The 2019 OUTwatch Film Festival Films

Gay Chorus Deep South 
Friday, October 4th at 7:30pm

Director: David Charles Rodrigues

Length: 98 Minutes

Year: 2019 • Country: USA

Language: English

Awards: Audience Award: Documentary TRIBECA Film Festival, 2019

In response to a wave of discriminatory anti-LGBTQ laws in Southern states and the divisive 2016 election, the San Francisco Gay Men’s Chorus embarks on a tour of the American Deep South. Led by Gay Chorus Conductor Dr. Tim Seelig and joined by The Oakland Interfaith Gospel Choir, the tour brings a message of music, love and acceptance to communities and individuals confronting intolerance. Over 300 singers traveled from Mississippi to Tennessee through the Carolinas and over the bridge in Selma, performing in churches, community centers and concert halls in hopes of uniting us in a time of difference. The journey also challenges Tim and other Chorus members who fled the South to confront their own fears, pain and prejudices, on a journey towards reconciliation. What emerges is a less divided America, where the lines that divide us—faith, politics, sexual identity—are erased through the soaring power of music, humanity… and a little drag.

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The End of The Century  Saturday, October 5th at 12:00pm
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Director: Lucio Castro

Length: 84 Minutes

Year: 2019 • Country: Spain

Language: Spanish with English Subtitles

Awards: Jury Award - Best First Feature: FRAMELINE San Francisco International Film Festival, 2019

From writer-director Lucio Castro, End of the Century is a dreamy, unhurried unfolding of love & destiny between two men who encounter one another in Barcelona only to realize that they had met before, twenty years earlier. Spanish poet Ocho, visiting Barcelona from his home in New York, spends a day of unfruitful cruising where he exchanges wanting looks with a man in a KISS t-shirt. When Ocho spots him from the balcony of his AirBnB later that evening, he works up the nerve to invite the man upstairs, who says his name is Javi. The two spend a passionate evening together (after making an emergency pit stop for condoms), and when Ocho gets a text from Javi the next evening to meet up again, Javi reveals to him beneath the lavender Barcelona twilight that this is not their first encounter. What follows is an exploration of the two characters and their relationship to the evolution of love and sex over time, asking questions of fate and freedom. While Javi and Ocho practically ooze with charm and chemistry, Castro's non-linear storytelling paired with indulgent shots of the Spanish skyline at sunset make End of the Century a unique journey that goes down smooth, slow, and easy.

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Kattumaram  Saturday, October 5th at 2:30pm

Director: Swarnavel Eswaran

Length: 73 Minutes

Year: 2019 • Country: India

Language: Tamil with English Subtitles

“One of the rare attempts at queer cinema from South India.” 
High On Films, London

Swarnavel Eswaran makes his feature film debut with the lovingly crafted film, Kattumaram. Suvivors find ways to go on in a small South Indian fishing village despite having been ravaged by a devastating tsunami. Kattumaram tells the story of a family thrown together by loss, when newly-made patriarch Singaram finds himself responsible for his orphaned niece Anandhi and nephew Mani. Desperate to find a match for Anandhi, who teaches at the local school, Singaram faces pressure from the village and from his own conscience to marry her off into a life of security and comfort. Unknown to her uncle, Anandhi finds herself drawn to the new photography teacher at school, Kavita, who has also experienced loss in the death of her lesbian partner and struggles with her own father's pressures for marriage as well. As Anandhi and Kavita find comfort and affection in one another, so too do the eyes and ears of the closely-knit fishing village begin to take notice of their burgeoning love. Soon Singaram is faced with a decision: he must either give in to the expectations of an intolerant, angry community or put himself and those he provides for at risk by coming to Anandhi and Kavita's aid. Tradition, loss, and the many different manifestations of grief weave together with the promise of new love against the beautiful South Indian coastline in this rarely seen tale of queer life outside of Western queer cinema.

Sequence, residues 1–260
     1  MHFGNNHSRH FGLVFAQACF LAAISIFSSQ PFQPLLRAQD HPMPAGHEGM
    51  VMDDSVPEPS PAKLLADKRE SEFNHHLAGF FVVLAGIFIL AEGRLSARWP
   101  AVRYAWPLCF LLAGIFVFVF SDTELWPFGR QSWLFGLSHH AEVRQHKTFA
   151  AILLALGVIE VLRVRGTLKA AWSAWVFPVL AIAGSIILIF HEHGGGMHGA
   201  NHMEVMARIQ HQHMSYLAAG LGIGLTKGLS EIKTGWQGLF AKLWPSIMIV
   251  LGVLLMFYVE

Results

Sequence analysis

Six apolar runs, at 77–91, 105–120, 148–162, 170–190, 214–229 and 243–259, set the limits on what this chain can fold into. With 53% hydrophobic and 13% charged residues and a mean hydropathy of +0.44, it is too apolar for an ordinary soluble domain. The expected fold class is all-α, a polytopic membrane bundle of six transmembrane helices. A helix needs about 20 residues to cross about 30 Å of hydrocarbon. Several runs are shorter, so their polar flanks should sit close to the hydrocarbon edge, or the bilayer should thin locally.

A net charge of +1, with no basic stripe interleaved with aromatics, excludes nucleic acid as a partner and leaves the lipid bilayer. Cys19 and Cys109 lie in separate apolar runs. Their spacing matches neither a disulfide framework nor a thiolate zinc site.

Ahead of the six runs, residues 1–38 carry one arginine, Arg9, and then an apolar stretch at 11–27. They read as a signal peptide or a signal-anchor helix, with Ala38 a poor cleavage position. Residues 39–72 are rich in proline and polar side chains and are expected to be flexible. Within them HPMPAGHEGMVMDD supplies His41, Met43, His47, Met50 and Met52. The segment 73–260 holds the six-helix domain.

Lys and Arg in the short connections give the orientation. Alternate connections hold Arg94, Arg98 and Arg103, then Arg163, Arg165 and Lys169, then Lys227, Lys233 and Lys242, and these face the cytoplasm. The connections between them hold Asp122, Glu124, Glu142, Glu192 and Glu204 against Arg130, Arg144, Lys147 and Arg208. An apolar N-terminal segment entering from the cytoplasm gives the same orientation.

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Sell By  Saturday, October 5th at 5:00pm
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Director: Mike Doyle

Length: 94 Minutes

Year: 2019 • Country: USA

Language: English

Premier: FRAMELINE San Francisco International Film Festival, 2019

Actor Mike Doyle makes his feature directorial debut with this sharp, engaging modern-day romantic comedy about six friends trying to balance their relationships and careers (or lack thereof) in New York City. Good-looking, successful, and surrounded by friends, Adam (Scott Evans) and Marklin (Augustus Prew) appear on social media as the cutest of couples, but after five years together, their honeymoon might be over as issues around money, careers, and sex lead to intense questions of trust and commitment. Meanwhile, the pair’s eccentric pals face their own relationship struggles and meaning-of-life conundrums. Doyle does an excellent job of skewering popular opinions about love and companionship while capturing the real way people process the thorny emotional landscape of just getting along. With a fabulous cast that also includes Kate Walsh, Michelle Buteau, and the always-enchanting Patricia Clarkson in a priceless cameo, Sell By will have you laughing out loud, and then seriously pondering the convoluted realities of growing up, selling out, and following your dreams.

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More Beautiful for Having Been Broken
Saturday, October 5th at 7:30pm